The bottom line is that technology can help or dramatically hurt your productivity, and the only way to ensure you are able to succeed is to take ownership of your time and be intentional about your schedule.

How are you dealing with distractions from your devices and daily work life?

Choose You in 2015

So we’re a month into 2015 and you’ve had a few weeks to try out your goals and / or resolutions.

In past years, I’ve had grand goals and plans that would benefit my business, other’s businesses or teams.

This year, it’s the year of John.

I’m going to be focusing on my personal health: mental, physical and spiritual.

If you’re not feeling that those goals you set for 2015 are “making good” on helping you to improve, take the time to change them.

There’s nothing set in stone, and you’re worth it.

Leave Average Behind.

Wrap up 2014 well and clarify 2015 goals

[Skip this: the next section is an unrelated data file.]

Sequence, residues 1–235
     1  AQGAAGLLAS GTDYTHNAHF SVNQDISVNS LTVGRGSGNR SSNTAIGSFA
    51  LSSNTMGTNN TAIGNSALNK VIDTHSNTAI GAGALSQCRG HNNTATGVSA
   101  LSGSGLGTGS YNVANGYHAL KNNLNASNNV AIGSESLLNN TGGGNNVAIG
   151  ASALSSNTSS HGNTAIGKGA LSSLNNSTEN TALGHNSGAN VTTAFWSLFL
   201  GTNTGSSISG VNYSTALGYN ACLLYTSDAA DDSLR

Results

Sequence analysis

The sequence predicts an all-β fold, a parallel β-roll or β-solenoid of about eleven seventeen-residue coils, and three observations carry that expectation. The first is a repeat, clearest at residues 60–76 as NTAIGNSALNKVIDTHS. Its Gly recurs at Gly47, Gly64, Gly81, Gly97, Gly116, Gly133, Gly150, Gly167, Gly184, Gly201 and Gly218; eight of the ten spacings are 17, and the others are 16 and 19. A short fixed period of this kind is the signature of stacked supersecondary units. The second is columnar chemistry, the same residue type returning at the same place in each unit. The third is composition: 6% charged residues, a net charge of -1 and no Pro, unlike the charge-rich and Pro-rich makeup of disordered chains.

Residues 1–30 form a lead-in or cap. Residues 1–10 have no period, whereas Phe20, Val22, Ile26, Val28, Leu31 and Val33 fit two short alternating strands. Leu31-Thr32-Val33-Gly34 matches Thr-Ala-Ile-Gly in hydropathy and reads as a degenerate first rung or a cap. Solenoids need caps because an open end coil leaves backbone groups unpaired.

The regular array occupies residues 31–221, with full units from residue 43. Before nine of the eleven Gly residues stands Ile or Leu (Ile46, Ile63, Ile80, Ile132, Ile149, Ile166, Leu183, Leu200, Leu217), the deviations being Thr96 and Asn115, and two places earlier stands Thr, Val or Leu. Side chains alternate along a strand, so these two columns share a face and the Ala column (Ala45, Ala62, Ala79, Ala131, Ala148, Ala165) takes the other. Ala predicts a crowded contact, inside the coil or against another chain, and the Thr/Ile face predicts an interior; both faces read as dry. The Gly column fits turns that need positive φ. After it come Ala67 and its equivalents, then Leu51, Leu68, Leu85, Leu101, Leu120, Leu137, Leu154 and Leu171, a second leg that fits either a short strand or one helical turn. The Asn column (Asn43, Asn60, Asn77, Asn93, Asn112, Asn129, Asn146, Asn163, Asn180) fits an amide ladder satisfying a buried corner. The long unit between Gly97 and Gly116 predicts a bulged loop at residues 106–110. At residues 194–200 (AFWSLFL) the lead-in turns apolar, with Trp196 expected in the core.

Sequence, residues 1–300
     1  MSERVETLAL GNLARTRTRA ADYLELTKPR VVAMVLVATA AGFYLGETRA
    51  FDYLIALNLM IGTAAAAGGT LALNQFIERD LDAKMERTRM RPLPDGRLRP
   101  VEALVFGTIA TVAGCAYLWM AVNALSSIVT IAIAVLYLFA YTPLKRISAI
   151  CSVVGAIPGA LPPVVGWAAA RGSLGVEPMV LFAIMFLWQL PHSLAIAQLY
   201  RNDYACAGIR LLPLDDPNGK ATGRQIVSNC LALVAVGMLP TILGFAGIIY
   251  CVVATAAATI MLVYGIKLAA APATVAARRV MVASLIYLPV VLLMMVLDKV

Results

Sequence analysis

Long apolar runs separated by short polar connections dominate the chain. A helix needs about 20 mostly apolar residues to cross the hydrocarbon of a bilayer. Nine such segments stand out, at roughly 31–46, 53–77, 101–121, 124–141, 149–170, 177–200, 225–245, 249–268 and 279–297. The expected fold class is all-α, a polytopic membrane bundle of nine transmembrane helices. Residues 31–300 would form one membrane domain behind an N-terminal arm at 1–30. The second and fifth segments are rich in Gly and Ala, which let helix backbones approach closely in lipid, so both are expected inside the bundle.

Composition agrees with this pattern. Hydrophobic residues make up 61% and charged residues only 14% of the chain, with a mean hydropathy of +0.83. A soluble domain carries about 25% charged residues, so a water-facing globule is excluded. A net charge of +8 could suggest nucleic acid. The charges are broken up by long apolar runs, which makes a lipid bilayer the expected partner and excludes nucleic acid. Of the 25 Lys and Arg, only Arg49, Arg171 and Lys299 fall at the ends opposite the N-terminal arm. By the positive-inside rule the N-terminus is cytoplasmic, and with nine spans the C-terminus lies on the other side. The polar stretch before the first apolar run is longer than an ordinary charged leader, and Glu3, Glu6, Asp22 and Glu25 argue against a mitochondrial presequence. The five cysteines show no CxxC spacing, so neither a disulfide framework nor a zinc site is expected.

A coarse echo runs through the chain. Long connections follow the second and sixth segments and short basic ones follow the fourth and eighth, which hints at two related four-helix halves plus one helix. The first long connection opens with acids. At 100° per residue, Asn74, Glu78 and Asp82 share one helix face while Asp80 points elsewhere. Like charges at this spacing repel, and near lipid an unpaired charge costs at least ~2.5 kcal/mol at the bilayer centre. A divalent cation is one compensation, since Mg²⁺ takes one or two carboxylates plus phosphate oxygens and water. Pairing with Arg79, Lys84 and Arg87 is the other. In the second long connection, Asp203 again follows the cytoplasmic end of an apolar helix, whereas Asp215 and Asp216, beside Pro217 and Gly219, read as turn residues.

So how was your 2014?

Have you ever taken time to think deeply about how your year went?  It’s something that I was encouraged to do about 4 years ago, and now it’s a vital piece of my growth and perspective each year.

Doing a yearly review and goal setting for the next is critical to me keeping focus and putting the most important things in my life in priority view.

Climb The Peak

I’d like to share my process and encourage you to give it a try this year.

  • Pick a block of time when you’re at your sharpest (early, late, over coffee, whenever you feel at your mental best).
  • Print out your calendar from 2014 and grab a copy of your journal (if you keep one).